Motoring Trailblazers - GM Le Sabre

Tue 11th Sep 2018

The world of motoring is hurtling headlong into a bright new future of all-electric, automated, connected technology - and Marty McFly is not behind the wheel! But what were the cars that were ‘back to the future’ of years gone by?

There have been many different trailblazing motors which were seen by the critics to be ahead of their time, and in this series, we will investigate and showcase many of the best in class.

GM Le Sabre
Whether we include the Le Sabre for its futuristic design, or for the fact that for many it is regarded as the pioneer for the idea of concept cars, for a car that was considered the most important show car of the 1950s, it simply has to be included in this series.

The Le Sabre was conceived by GM’s legendary Art Department head, Harley Earl, a name synonymous with those fishlike tailfins which dominated post-war car design. Earl also inspired the Chevrolet Corvette and earlier in his career the iconic Buick Y-Job.

Harley Earl took his job title seriously, and many of his cars are made more famous for artistic design than engine performance. Inducted into the Automotive Hall of Fame in 1986, Earl loved his cars so much that he insisted that they were roadworthy, and the Le Sabre, like its predecessor the Y-Job became Earl’s own private concept drive.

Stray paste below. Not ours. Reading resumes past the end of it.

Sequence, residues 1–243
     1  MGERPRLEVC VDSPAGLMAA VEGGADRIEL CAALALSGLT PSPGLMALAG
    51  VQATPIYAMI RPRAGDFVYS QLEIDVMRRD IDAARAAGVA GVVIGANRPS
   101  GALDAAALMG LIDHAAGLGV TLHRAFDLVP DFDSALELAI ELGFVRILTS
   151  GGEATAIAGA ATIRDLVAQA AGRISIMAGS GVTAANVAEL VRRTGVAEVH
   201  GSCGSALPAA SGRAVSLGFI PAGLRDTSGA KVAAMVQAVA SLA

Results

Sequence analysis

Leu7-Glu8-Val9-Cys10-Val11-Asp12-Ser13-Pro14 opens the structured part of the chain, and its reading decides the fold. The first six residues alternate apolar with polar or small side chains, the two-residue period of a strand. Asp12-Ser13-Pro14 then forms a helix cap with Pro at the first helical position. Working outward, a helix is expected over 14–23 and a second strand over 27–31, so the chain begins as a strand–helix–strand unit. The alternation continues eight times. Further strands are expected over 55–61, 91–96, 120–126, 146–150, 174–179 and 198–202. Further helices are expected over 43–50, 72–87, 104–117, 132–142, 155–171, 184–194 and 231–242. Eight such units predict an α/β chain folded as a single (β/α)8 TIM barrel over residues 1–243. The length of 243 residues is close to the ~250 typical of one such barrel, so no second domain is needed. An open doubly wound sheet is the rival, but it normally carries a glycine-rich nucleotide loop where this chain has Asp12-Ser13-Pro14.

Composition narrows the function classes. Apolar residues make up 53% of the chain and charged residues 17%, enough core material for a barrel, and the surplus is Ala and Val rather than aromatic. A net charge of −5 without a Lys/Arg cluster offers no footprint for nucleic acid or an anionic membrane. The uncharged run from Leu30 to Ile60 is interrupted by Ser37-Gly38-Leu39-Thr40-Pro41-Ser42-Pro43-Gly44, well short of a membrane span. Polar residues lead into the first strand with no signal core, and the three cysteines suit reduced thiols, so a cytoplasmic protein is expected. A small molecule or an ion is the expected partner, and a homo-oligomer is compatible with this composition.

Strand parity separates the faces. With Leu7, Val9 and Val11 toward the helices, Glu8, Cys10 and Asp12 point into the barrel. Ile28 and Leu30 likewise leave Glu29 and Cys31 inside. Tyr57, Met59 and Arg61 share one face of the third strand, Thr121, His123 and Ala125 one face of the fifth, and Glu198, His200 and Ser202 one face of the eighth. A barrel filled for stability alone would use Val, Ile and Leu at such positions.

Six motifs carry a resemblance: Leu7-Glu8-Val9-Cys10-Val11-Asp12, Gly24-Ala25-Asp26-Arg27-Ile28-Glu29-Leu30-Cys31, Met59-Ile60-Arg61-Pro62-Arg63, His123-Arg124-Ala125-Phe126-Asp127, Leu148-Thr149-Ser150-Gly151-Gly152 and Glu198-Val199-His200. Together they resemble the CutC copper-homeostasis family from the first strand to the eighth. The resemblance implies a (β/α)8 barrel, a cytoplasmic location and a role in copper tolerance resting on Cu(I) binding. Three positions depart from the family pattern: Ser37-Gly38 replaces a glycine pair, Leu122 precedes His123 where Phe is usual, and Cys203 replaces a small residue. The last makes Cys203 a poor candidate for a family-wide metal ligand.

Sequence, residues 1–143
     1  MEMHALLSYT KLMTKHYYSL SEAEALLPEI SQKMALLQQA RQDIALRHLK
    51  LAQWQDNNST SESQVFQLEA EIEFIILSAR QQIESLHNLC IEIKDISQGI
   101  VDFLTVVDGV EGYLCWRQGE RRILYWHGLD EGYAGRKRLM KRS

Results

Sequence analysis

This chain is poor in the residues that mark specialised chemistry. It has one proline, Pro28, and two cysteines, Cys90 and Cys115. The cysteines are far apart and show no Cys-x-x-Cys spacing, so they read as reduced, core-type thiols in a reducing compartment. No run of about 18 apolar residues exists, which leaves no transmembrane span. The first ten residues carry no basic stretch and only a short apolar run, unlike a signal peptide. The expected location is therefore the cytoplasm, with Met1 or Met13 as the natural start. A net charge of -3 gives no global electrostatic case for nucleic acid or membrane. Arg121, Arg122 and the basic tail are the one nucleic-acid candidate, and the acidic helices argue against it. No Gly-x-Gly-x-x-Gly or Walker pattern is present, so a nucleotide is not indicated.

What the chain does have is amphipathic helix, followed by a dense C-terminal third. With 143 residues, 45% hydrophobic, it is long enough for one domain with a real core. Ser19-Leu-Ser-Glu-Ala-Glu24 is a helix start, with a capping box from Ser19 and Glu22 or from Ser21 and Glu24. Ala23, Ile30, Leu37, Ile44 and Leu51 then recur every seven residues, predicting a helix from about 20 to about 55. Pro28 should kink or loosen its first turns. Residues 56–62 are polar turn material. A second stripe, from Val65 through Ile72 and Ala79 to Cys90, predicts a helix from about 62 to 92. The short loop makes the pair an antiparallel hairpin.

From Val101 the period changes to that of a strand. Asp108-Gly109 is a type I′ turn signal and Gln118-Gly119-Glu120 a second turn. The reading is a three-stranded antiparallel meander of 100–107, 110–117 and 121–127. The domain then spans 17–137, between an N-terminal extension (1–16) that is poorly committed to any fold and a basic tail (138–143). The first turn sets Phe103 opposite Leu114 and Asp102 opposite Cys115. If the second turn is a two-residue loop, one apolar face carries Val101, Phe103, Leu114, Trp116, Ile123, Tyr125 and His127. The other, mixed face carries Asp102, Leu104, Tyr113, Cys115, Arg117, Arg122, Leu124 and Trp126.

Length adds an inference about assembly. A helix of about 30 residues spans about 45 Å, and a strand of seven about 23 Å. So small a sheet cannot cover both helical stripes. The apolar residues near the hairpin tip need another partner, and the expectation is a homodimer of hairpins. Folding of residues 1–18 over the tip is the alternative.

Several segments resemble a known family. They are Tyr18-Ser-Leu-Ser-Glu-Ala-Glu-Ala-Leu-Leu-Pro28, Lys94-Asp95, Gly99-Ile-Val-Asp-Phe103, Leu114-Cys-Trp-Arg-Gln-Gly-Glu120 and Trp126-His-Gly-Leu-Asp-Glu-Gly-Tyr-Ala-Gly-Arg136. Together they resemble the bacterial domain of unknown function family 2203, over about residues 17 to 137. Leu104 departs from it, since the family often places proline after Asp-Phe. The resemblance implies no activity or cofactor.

So what made the Le Sabre so fantastic? Well it was inspired by the aerodynamic design of the burgeoning jet-engine designs and was built with similar styling and the very latest materials, including aluminum, magnesium and fiberglass. An ultra-light body, on top of a V8 supercharged 3.5 litre engine, which could run on both gasoline and methanol.

The Le Sabre also introduced a 12-volt electrical system, which helped power heated seats, a water sensor to activate the power top and innovative electric jacks, which decades later would be adopted by F1 teams to aid tyre-changes. The most recognisable element of the Le Sabre has to be the jet intake front bumper design, which tips a very strong hat to the jet engines of the time.